19
Mar 15

GNU Terry Pratchett

Feck, why not? I’ve seen much worse reasons for technical decisions in the past and dammit, if he didn’t earn it, the bar’s set too high.

Terry Pratchett receiving an honorary doctorate in TCD, 2008 (courtesy Wikipedia) GNU Terry Pratchett

IETF Draft Proposal:
Recommended explicit padding bytes used in Internet related protocols

GNU Terry Pratchett

And from this server’s headers…


29
Oct 14

Shipped!

Okay, so it’s just a small chunk of a larger project that I’ve been messing about with for fun, but still, it’s nice to see work head out into the world.

A while ago, I started taking the chess games I was playing in the club and on chess.com and feeding them into SCID-vs-PC to run analysis engines on them; and because I’m a bit of a luddite in some ways, I wanted to be able to print off a report on them so I could sit down at the table with a cup of tea and a chessboard and play through a game while reading the engine’s analysis of it. If you don’t play chess yourself, the reason you’d do this is so you can see what moves and sequences of moves the computer thinks you should have played, and whether or not they were good lines for a human player to take – if the computer is saying “Oh, if you just played this sequence of seventeen moves perfectly you could have gained a half-pawn advantage here”, then you can pretty much ignore it unless you’ve been playing for decades and could actually do that in a game under time pressure (hint: I can’t :D ). On the other hand, if it says “Yeah, if you’d made this move, you’d have had checkmate in one move”, you probably want to see that so you remember the tactic in case you ever see it again :D

Now SCID-vs-PC couldn’t print directly itself but it had a LaTeX report output function so I tried that, and found it relied on a LaTeX package called chess12 which was for LaTeX 2.09, even though LaTeX2e replaced Latex 2.09 in 1994 and chess12 itself hadn’t been touched since 1992. Turns out to be quite hard to get that old a setup to work, so effectively the LaTeX output was useless. But SCID-vs-PC is an open source project in a language I’ve been working in for decades and I did more than my fair share of LaTeX writing in college and afterwards (academia uses LaTeX pretty extensively because only a masochistic sociopath would entrust their thesis or research papers to Microsoft Word), so I figured it couldn’t be too hard to fix. And it wasn’t – I was able to get it to use a newer LaTeX chess package called skak, and to add in some nice graphing using ps-tricks as well as formatting things better on an A4 page using koma (all of which are standard LaTeX packages for all the sane distributions out there). But it has seriously renewed my belief that C++ is not a great language to do string processing in :D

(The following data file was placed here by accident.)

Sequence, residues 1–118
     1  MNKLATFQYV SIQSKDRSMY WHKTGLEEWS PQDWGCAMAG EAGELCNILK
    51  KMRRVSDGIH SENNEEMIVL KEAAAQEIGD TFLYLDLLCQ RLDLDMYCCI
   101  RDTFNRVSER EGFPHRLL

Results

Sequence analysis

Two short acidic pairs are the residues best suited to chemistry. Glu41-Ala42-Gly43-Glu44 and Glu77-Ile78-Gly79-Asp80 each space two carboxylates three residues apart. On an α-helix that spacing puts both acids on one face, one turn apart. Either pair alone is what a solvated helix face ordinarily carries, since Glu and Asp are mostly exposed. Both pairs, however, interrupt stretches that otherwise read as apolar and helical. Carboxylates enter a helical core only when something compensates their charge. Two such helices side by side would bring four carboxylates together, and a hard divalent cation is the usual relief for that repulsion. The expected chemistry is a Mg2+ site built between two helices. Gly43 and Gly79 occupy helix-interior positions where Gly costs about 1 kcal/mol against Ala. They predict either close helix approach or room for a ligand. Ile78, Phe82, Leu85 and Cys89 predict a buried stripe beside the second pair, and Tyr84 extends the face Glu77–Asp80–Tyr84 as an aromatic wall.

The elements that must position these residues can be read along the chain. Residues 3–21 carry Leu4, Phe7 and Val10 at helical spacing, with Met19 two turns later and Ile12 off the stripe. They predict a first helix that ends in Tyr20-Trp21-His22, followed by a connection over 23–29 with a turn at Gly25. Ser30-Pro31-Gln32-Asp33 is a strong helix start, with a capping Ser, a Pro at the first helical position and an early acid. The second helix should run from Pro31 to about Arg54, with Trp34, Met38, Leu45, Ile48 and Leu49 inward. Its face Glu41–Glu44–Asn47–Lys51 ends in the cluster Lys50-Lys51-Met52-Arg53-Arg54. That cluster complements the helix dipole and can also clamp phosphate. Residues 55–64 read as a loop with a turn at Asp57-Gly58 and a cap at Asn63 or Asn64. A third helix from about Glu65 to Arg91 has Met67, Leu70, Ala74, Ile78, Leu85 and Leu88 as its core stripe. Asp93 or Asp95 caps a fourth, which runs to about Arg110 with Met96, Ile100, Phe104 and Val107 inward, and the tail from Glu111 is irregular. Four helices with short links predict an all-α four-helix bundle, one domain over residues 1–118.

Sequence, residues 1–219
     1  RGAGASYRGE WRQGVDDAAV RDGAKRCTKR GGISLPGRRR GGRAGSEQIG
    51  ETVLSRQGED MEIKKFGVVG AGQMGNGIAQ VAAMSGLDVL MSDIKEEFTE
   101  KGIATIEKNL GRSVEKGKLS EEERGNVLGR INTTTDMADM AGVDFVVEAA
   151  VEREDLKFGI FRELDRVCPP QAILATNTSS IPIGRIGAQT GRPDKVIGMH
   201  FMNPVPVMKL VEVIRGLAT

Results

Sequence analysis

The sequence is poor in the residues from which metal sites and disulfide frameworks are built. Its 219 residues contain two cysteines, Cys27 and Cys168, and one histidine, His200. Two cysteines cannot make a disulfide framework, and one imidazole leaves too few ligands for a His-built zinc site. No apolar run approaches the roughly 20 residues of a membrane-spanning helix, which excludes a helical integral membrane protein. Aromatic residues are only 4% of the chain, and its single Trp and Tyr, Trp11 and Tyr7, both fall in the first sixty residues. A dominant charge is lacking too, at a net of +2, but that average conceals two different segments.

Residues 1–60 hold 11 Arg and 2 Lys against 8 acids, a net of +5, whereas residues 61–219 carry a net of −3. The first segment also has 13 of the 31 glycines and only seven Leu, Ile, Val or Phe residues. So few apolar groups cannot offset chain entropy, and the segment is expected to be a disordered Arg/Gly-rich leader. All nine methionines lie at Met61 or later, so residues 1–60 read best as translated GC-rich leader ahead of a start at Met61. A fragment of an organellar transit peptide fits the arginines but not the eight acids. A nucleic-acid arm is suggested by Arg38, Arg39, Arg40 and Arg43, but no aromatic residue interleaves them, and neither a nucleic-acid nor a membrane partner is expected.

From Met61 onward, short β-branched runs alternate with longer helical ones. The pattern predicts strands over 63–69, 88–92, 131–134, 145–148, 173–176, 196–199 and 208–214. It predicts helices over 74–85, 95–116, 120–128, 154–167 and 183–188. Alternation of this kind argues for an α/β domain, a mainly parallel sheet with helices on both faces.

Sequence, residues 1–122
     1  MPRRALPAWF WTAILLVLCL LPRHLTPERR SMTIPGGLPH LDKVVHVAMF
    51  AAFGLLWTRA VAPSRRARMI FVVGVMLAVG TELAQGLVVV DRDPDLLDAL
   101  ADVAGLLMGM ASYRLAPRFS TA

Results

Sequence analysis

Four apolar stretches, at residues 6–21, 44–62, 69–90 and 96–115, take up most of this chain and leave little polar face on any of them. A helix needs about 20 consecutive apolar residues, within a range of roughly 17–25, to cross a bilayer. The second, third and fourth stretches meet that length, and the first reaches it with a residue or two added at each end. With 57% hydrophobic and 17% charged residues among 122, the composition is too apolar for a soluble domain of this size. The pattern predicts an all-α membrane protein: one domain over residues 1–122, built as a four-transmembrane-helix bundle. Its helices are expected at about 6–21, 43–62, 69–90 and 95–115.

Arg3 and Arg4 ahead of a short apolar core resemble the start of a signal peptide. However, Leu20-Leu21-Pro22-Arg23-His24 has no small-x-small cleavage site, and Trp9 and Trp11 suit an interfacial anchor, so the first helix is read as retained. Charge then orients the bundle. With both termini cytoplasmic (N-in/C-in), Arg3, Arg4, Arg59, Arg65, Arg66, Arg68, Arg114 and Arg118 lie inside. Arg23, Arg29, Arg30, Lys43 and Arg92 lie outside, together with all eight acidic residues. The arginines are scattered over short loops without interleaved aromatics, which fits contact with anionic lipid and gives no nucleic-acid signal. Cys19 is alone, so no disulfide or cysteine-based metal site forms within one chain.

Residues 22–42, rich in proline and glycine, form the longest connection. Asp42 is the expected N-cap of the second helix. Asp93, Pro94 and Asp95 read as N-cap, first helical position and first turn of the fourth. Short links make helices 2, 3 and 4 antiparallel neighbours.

Anyway, the first version of the report code just shipped in the latest SCID-vs-PC version (4.13). I still have a few more ideas to bolt in there, particularly around the analysis graph and the detection of analysis scores in the PGN files (which seem to have different formats from just about every possible engine). And we already have some pretty serious refactoring in mind because the code’s a bit of a mess when it comes to output. But for now, if you load your game up in SCID-vs-PC and spit it out in LaTeX format, then run it through the standard latex-dvips-pstopdf chain (for some reason the latex2pdf tool chokes at the moment, that’s on the list of things to fix), you’ll get something like this:

Bodley 2014 Round 2

Round 2

 

Continue reading “Shipped!” »


14
Oct 14

Boilerplate proven important!

BoilerplatePretty much every developer I’ve ever met (and I’d guess that it’s a really common trend in the IT industry as a whole) thinks of boilerplate code (the non-algorithmic stuff, the stuff that double-checks input values and checks called functions for returned error codes, that kind of thing) as being “the boring stuff”. We mostly tend to skip over it (or at least cover it very quickly) in college courses to focus on the algorithmic stuff because of time pressure and the need to teach the meat of things. But in yet another excellent EBSE result picked up on by NeverWorkInTheory (and if you work as a developer, you really ought to be reading that blog regularly), the actual worth of that simple boring boilerplate code comes through: